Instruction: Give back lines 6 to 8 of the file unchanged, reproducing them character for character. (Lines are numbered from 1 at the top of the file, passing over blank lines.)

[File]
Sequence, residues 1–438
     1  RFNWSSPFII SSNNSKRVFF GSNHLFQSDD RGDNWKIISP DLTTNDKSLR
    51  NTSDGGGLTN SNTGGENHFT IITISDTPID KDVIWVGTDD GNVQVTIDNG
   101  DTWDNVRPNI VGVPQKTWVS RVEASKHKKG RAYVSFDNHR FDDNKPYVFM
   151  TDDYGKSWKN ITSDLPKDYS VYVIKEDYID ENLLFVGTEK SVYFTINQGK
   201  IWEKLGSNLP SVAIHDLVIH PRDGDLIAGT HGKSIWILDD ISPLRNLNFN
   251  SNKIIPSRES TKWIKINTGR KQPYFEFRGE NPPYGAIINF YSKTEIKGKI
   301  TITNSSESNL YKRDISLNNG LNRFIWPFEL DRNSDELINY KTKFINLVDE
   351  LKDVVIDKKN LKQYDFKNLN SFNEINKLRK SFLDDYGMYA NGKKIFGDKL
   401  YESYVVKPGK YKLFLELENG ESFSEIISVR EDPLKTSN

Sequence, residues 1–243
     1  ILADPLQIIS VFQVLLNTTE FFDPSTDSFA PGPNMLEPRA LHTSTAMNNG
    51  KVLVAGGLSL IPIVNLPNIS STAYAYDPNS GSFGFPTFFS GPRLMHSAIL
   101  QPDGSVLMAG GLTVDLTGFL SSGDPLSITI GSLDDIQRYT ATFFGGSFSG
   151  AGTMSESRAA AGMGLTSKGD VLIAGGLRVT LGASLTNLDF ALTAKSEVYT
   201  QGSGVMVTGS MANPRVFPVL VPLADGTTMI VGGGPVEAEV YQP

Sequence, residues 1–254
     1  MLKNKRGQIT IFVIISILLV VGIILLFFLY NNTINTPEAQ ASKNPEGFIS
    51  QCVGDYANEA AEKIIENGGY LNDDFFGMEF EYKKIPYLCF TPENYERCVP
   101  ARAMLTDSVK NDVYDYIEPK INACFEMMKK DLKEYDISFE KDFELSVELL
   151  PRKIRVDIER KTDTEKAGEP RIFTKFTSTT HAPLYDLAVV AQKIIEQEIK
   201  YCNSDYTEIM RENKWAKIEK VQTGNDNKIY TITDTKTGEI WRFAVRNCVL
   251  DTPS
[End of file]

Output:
   201  IWEKLGSNLP SVAIHDLVIH PRDGDLIAGT HGKSIWILDD ISPLRNLNFN
   251  SNKIIPSRES TKWIKINTGR KQPYFEFRGE NPPYGAIINF YSKTEIKGKI
   301  TITNSSESNL YKRDISLNNG LNRFIWPFEL DRNSDELINY KTKFINLVDE